Monday, December 12, 2011

2010 ChemCensus is out: not much good news.

Credit: Chemical and Engineering News
The results of the ACS ChemCensus that was held in 2010 is out in this week's issue of Chemical and Engineering News in the writeup by David Hanson.

It's going to take a while to wade through all the data, but here are the important details (to me, anyway):

  • Reported salaries were all down, with the exception of median B.S. chemist salaries. 
  • As we've known for a while, the unemployment rate of all respondents in March 2010 was 3.8%, which is 0.1% lower than 2009. That 2009 was a 20-year high for the ACS Salary Survey. 
  • The "U6-like" number for the ACS Salary Survey data (including part-time, post-doc and unemployed) is the highest in ten years, at 11.9%. Hanson notes the other side of this statistic, the lowest full-time employment of chemists since at least 2010. I'll note that I predicted a U6-like number at 12% way back in 2009. Good to know I'm only a year late. 
  • Unemployment is negatively correlated with education, with B.S. chemists at 5.1% unemployment and Ph.D. chemists at 3.2%. M.S. chemists (the legendary 'most employable') come in at 4.8%. 
  • The "ten year" rule still holds; among age cohorts, the 30-39 age group has the lowest unemployment at 2.5% and the 40-49 age group jumps to 3.6%. The bad news isn't over yet -- the 50-59 age group has the highest unemployment at 4.7%. This is lower than 2009's 5.0%, but not by much. 
  • I note that the "small company discount" is alive and well. Median Ph.D. salary for a company of 10 or fewer employees? $49,200. Median Ph.D. salary for a company of 11-20 employees? $86,200. That's close to a 50% discount. Wow. 
More soon. Readers, here's the article. What do you see? 

The Eka-Silicon caveat: The ACS Salary Survey and the ChemCensus have both had relatively low response rates from members, which limits the extrapolatability of the data. This year's response rate for the ChemCensus was 47%, which is much lower than the 80% that professional survey types like to see. A discussion of this can be found here. At the same time, ACS unemployment numbers for their members more-or-less track the BLS survey data for chemists (see linked graph). 

One more thing: All of the 40,480 responses were hand-entered by the ACS' Deparment of Research and Member Insights. Research associate Gareth Edwards (I believe) was responsible for much of that. This is a huge undertaking, and he should be commended for it. 

6 comments:

  1. @CJ - I assume the response rate of 47% is calculated from total chemists (USA) = 94,100 (USDOL stats page: http://www.bls.gov/oco/ocos049.htm)

    If so, this survey doesn't account for foreign affiliates or any non-chemist members of ACS (journos, politicos, business, etc)?

    Also: Thanks, Gareth!

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  2. From the article, looks like total US-based ACS members:

    "The 2010 survey is considered a census in that it is sent to ACS members who are in the workforce and have U.S. addresses. According to the ACS Department of Research & Member Insights, ACS sent questionnaires to 85,652 members who were under 70 years of age and were not retired, emeritus, or in a student member category. For the survey, ACS defines a chemist as one who works in any one of 15 chemical disciplines or has a chemistry degree and indicated business administration, law, computer science, or “other nonchemistry activities” as their work specialty. Those in the chemical workforce are chemists who hold full- or part-time jobs, are on postdocs or fellowships, or are unemployed but actively seeking employment.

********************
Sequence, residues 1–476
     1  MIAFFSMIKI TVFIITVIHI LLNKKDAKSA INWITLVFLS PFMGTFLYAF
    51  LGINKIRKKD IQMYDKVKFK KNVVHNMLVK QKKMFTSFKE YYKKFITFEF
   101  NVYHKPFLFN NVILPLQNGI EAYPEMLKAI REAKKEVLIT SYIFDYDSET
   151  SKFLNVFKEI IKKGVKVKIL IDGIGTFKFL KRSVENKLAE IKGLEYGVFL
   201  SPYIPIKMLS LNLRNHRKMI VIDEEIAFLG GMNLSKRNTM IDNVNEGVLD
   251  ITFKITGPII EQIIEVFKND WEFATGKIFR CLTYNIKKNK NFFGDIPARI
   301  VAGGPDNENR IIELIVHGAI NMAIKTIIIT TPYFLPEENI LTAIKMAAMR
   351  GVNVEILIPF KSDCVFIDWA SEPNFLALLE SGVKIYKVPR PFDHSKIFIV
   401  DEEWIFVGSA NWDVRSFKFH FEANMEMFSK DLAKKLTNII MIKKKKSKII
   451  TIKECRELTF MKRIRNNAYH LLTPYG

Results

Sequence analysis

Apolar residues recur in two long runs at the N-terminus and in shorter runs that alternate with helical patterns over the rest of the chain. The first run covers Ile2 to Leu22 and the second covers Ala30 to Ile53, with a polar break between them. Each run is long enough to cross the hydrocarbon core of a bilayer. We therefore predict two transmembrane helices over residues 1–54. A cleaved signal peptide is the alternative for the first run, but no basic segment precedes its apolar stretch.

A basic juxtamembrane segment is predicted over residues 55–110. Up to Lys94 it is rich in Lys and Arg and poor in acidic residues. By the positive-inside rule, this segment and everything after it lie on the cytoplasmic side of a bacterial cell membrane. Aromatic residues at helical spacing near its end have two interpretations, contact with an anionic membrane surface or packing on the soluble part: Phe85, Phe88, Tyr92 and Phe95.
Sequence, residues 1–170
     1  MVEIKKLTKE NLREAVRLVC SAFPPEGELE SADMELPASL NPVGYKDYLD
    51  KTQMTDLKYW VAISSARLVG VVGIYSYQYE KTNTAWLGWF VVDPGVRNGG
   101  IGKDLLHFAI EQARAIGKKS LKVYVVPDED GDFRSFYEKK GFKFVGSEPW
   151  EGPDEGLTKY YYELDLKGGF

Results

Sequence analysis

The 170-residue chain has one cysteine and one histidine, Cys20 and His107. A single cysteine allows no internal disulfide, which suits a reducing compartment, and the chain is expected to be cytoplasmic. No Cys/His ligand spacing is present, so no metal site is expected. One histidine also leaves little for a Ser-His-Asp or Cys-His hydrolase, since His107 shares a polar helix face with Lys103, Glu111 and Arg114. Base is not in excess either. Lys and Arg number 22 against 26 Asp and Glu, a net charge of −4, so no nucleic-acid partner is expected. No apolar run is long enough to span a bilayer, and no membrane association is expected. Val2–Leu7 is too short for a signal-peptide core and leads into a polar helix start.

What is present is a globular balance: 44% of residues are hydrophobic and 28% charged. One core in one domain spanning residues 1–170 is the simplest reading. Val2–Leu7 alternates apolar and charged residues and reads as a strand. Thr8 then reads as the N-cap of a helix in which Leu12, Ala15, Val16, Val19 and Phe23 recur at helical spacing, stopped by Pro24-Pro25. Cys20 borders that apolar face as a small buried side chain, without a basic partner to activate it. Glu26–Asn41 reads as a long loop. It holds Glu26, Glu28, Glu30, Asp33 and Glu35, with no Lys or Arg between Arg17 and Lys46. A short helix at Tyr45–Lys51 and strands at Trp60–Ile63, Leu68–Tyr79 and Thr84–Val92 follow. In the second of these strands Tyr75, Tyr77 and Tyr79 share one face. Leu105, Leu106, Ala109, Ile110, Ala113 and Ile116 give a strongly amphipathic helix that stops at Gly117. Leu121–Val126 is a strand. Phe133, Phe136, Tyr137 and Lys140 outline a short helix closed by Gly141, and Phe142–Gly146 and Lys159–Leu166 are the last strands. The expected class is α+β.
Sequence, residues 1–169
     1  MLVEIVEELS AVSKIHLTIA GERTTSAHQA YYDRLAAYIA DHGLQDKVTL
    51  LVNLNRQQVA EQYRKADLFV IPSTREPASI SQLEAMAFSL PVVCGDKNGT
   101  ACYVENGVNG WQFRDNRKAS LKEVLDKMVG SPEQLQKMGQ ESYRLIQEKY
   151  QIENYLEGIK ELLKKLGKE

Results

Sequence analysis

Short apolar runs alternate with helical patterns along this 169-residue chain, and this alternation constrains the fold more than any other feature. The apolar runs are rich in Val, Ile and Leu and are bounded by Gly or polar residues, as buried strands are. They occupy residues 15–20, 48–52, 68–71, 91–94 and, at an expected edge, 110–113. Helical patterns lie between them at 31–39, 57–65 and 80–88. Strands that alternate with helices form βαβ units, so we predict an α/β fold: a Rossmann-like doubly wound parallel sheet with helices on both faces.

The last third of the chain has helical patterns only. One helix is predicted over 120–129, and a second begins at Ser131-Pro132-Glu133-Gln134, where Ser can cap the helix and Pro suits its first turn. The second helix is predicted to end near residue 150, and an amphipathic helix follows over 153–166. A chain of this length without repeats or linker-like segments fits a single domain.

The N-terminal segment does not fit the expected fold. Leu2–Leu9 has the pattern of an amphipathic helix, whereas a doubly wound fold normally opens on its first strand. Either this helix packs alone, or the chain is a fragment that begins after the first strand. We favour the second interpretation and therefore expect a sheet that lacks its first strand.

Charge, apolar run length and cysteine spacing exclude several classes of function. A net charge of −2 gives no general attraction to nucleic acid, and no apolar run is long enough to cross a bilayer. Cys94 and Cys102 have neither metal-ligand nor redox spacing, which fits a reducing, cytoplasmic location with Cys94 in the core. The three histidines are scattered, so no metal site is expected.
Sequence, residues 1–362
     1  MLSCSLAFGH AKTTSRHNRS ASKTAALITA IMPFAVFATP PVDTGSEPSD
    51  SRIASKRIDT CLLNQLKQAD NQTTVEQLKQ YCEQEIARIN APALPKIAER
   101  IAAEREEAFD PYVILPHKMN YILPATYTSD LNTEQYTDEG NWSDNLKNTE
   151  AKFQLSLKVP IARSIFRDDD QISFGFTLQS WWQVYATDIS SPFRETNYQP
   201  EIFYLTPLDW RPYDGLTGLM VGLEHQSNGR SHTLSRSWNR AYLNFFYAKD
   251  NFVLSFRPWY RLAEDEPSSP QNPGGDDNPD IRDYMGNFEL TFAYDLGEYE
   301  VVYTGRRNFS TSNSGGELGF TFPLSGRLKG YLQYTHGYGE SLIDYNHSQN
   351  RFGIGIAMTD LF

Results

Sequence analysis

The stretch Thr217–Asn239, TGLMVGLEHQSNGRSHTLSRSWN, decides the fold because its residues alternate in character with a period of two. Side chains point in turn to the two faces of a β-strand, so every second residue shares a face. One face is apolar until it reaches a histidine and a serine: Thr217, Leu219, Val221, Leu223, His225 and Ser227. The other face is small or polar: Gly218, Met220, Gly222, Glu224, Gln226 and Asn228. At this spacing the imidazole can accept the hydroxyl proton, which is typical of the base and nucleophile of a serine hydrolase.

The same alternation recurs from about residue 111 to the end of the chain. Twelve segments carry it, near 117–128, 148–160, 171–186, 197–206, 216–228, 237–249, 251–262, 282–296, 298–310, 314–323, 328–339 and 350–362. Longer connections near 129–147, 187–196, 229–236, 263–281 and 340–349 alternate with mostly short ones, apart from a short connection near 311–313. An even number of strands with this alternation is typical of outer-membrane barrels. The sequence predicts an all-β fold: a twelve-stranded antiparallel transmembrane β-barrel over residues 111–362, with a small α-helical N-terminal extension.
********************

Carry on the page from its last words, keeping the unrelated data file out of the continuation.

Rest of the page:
From the 2010 survey, ACS received 40,480 responses. The 47% response rate is higher than the 41% response rate for the previous ChemCensus, in 2005, but lower than the peak of 53% in 1995. It is also higher than the response rate for the last annual salary survey, in 2009, when ACS mailed 20,000 surveys and the response rate was 36%."

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  3. Do they have a table where they separate the chaff errr.... those with “other nonchemistry activities”? I wonder how they influence the employment numbers, if at all.

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  4. There's a pretty strong conflation problem here that I didn't talk about, in that the ChemCensus is supposed to be deeper and wider than the yearly ACS Salary Survey. It appears to me (though I haven't asked directly -- and they're pretty good about getting back to me) that they're drawing some of the Salary Survey data from the ChemCensus data.

    So I guess what I'm saying, A11:49, is that when the true ChemCensus report comes out, they'll probably have a breakout of that sort of thing.

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  5. I've got a personal caveat! Sweet!

    Now for the troll-y bit:

    One more comment- that's amazing work by Gareth, but if someone actually entered 40k surveys by hand, there is another 5-10% (of the total) error in all those values.

    Double-data entry is crucial for the reason that everyone will make errors in 5-10% of all data, and *it is will not be random* since people tend to make the same types of errors over and over.

    Again, I applaud the ACS' efforts, but for the world's largest scientific organization to publish (even informally) such a non-robust survey is just embarrassing.

    Use the dues to field a professional survey ACS! Please!

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    Replies
    1. Very informative. I'll be making some juice in the near future. Passing this onto my friends. Thanks.

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